Highlands & Islands

Dual World Heritage status suggested for Isle of Skye

Skye
Image caption Skye has become increasingly popular with tourists

Unesco World Heritage status could be sought for the Isle of Skye to help attract funding for improvements to facilities for tourists.

Highland Council has published a paper setting out short and long-term ways of easing pressure on tourist hotspots and upgrading services such as car parks.

The number of visitors to Skye has been increasing in recent years.

World Heritage sites already in Scotland include The Antonine Wall, Neolithic Orkney and St Kilda.

A dual listing has been suggested for Skye to recognise its landscape and wildlife and also its culture.

'Exponential growth'

Highland Council has described its paper, Skye and Raasay Tourism Infrastructure: A Dynamic Workshop Approach, as "ambitious".

Image caption Media exposure of Skye's landscape has been "intense", suggests the report

The report's findings include:

  • In 2013-14, Skye was visited by an estimated 1.3 million people
  • Between 2014 and 2016, that number of visitors may have increased by 12.7%
  • Tourism campaigns, the use of Skye's landscapes in big-budget movies and "intense media exposure" of locations such as the Fairy Pools are factors behind the growth in visits
  • 10-15 years ago, most visitors were traditional campers and visitors by car. Increasing numbers of hire cars, motorhomes and coaches are now being seen
  • Issues include a lack of public toilets, parking and public transport

Highland Council said tourism infrastructure issues on Skye and neighbouring Raasay "came to a watershed" this year, with the "exponential growth in tourist numbers colliding with an infrastructure that is no longer fit for purpose".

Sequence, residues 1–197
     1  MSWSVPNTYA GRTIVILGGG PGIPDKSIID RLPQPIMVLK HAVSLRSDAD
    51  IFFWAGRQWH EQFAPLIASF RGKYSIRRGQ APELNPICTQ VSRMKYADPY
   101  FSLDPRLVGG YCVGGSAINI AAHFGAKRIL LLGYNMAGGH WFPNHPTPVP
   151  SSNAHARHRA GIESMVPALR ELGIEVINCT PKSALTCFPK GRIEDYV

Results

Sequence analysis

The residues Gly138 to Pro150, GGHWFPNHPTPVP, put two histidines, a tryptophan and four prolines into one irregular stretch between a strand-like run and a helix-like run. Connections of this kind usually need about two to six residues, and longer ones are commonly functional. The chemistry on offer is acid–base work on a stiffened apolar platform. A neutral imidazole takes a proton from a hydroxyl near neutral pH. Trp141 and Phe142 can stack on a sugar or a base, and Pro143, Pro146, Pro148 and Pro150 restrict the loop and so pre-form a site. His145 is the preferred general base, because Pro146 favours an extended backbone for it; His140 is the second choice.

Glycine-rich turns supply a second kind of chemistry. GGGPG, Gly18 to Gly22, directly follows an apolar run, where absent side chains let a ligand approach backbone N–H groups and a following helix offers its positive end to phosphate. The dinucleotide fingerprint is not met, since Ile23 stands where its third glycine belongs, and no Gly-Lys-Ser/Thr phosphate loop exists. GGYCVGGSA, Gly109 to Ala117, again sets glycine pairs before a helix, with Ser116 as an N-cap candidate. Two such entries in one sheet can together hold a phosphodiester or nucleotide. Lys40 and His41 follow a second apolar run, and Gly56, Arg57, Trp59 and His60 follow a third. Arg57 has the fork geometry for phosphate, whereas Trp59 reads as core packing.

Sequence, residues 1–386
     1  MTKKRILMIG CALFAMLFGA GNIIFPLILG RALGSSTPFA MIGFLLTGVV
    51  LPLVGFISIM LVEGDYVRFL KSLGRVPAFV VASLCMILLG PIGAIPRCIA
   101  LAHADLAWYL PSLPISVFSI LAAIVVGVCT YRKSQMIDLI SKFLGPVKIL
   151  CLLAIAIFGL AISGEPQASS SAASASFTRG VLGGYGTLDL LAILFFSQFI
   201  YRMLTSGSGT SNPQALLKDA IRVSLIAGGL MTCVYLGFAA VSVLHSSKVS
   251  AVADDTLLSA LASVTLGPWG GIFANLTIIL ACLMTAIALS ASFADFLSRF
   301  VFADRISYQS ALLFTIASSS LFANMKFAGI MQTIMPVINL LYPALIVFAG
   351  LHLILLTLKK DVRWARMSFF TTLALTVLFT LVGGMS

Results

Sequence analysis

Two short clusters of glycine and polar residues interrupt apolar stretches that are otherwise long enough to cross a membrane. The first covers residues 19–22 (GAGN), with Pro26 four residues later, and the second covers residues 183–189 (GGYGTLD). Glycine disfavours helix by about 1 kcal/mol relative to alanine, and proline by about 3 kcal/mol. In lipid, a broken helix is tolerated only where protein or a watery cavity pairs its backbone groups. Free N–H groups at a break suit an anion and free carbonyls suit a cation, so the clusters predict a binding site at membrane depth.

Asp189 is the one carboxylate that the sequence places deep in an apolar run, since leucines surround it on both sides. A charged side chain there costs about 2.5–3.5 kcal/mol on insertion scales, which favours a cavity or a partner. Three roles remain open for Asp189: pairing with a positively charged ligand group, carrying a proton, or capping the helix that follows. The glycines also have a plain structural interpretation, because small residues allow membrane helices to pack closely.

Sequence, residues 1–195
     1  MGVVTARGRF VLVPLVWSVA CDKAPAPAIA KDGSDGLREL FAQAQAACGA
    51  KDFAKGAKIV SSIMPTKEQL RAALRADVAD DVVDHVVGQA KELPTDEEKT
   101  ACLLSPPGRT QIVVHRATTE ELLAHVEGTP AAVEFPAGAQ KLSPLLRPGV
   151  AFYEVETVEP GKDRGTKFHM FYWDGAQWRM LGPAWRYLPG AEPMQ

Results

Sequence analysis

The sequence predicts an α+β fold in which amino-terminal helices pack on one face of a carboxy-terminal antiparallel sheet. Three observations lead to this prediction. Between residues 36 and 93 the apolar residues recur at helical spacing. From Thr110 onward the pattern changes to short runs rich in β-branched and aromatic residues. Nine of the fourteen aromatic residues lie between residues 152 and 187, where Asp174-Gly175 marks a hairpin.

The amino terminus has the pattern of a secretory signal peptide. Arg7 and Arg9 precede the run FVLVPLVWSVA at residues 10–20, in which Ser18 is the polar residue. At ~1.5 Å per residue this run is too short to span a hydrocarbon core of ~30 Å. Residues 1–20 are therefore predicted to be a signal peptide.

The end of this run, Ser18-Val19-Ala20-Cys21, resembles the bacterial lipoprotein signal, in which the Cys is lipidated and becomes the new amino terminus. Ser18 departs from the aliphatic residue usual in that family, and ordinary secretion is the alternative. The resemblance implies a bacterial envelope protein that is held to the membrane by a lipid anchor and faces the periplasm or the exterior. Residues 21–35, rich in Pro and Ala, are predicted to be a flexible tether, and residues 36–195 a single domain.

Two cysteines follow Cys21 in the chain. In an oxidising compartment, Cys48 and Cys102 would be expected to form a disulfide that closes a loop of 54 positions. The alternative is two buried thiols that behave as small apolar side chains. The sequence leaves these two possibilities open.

Tall ships race

Councillor Ronald MacDonald, who co-wrote the paper, said a World Heritage Site listing for Skye was among the long-term objectives.

Other long-term proposals include the staging of a tall ships sailing race on a route between Skye and the remote archipelago of St Kilda, which has dual World Heritage status.

This could draw new investment to Skye.

Image copyright Getty Images
Image caption The paper suggests that a tall ships race could be held between Skye and St Kilda

Councillor MacDonald said: "The paper proposes two long-term 'anchor' project statements: a dual World Heritage Site listing for Skye and a tall ships project.

"The World Heritage listing is intended to offer long-run sustainability to the land-based tourism industry, by attracting funding from a diverse range of sources and similarly the tall ships race, with various events built around it, is intended to kick-start the sleeping giant of marine tourism by way of offering imaginative and innovative funding solutions."

Shorter-term aspirations include improving car parking at sites popular with tourists.

John Finlayson, another Skye councillor, said the island's communities were working with the council to overcome the challenges, adding that he hoped the Scottish government would also join that effort.

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